California Businesses Challenge State’s New Campaign Finance Law
When Rudyard Kipling wrote “Never the twain shall meet,” he probably did not realize how apt his poetry would be to describe political conflicts of interest. Questions about how and whether to prevent elected officials from personally benefiting from the votes they cast are all over the news. This questionable practice is called “pay to play,” and a new California law is trying to stop it.
Senate Bill 1439, signed into law by Governor Gavin Newson on January 1, 2023, amends a section of the Political Reform Act of 1974. It requires elected officials to recuse themselves from voting on or participating in any decisions that could financially benefit any person or company that donates $250 or more to their campaigns. Supporters of the bipartisan bill, sponsored by Senator Steven Glazer (D-Orinda) and Sen. Scott Wilk, (R-Victorville), claim it will end blatant influence peddling in California.
Glazer and Wilk’s bill explained that the Political Reform Act of 1974 prohibits an officer of an agency from accepting funds while proceedings before them are pending and for three months after decisions are made. Before enactment of the new law, agencies were described as “any state or local government agency except certain entities, including local government agencies whose members are directly elected by the voters.” (emphasis added) SB1439 removes the exemption for local government agencies. It will now be a misdemeanor to violate the new law, but anyone who unknowingly violates it can simply return the money.
Sounds like a necessary and ethical idea, right? Not everyone agrees. Eight trade associations and two local officials filed a lawsuit on February 22 to block it. The plaintiffs’ lawsuit includes the Family Business Association of California, California Restaurant Association, California Retailers Association, California Building Industry Association, California Business Properties Association, California Business Roundtable, Sacramento Regional Builders Exchange, California Manufacturers & Technology Association, Rancho Cordova City Councilmember Garrett Gatewood and Sacramento County Supervisor Pat Hume.
The lawsuit was filed against the state’s Fair Political Practices Commission, the agency that is set to enforce the new law. Attorney Thomas Hiltachk filed the petition that asked the Sacramento County Superior Court to overturn the amendments. Plaintiffs claim that the California legislature never had the authority to amend the 1974 Act to the degree permitted under the new law. They called it “overbroad” and said that it “improperly alters the Political Reform Act by infringing on constitutional free speech protections related to the right to petition governments.”
Senator Glazer disagrees. He told the Silicon Valley News that he was not surprised that “power interests want to maintain the pay-to-play influence-peddling pipeline.” He also commented on the strategic timing the plaintiffs used for their lawsuit. The Sacramento Bee said the bill passed “without controversy” and was signed by Governor Newsom in November. The lawsuit was filed two months later, Glazer said, because plaintiffs were “trying to protect the financial interests that are attempting to influence these specific local governmental decisions, which this bill stopped.”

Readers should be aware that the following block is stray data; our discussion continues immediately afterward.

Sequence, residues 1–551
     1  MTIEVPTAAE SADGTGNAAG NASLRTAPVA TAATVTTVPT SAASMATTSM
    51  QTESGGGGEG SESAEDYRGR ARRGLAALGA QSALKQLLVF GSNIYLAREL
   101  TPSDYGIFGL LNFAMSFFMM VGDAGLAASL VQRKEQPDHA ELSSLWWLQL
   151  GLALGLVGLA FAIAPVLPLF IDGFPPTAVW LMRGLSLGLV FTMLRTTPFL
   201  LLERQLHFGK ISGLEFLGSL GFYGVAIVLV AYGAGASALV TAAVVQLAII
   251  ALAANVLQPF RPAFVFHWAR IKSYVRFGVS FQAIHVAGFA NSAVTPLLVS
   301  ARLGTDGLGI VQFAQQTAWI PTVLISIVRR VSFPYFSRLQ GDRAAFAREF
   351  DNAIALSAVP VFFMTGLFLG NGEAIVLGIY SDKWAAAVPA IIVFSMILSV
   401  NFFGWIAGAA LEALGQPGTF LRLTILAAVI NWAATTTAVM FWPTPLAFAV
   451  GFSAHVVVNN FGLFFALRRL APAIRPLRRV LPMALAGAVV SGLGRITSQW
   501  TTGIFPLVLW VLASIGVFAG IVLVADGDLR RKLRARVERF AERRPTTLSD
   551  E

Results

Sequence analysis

Glazer disputed plaintiffs’ argument that the law infringed on free speech. He said the “law does not harm anyone’s right to contribute to a politician” but is directed toward local government officials who take money from specific financial interests that will benefit from their decisions. Richard C. Miadich, the Chair of the Fair Political Practices Commission also criticized the timing of the lawsuit and said the lawsuit was “disappointing.” He said it came “months after we’ve begun issuing guidance, gathering public input and crafting regulations.”
Robert Rivinius, executive director of the Family Business Association of California, disputed charges about the strategic delay in challenging the new law. He claimed that he had not been aware of the bill until it became law. He told the Silicon Valley News that “We always have the courage to oppose bad legislation” and that this new bill “somehow got past us and we didn’t realize the severity of what would happen.”
Several nonprofit organizations, including California Common Cause, oppose the lawsuit. They applaud the new law that they say will stop plaintiffs from “rigging the system in their favor over upholding the will of the people.”
Glazer said he could not predict how the courts will view the lawsuit.
When the Supreme Court decided Citizens United v. Federal Election Commission in 2010, it opened the door that permitted independent expenditures for political campaigns by corporations and other associations. Senator Bernie Sanders (I-Vt.) is among those who say that because of Citizens United, “American democracy is under attack.” Will SB 1439, a state law that limits the conflicts of interest caused by allowing contributions to elected officials by those who have matters before them, help decide just how much California’s new law will prevent the attack?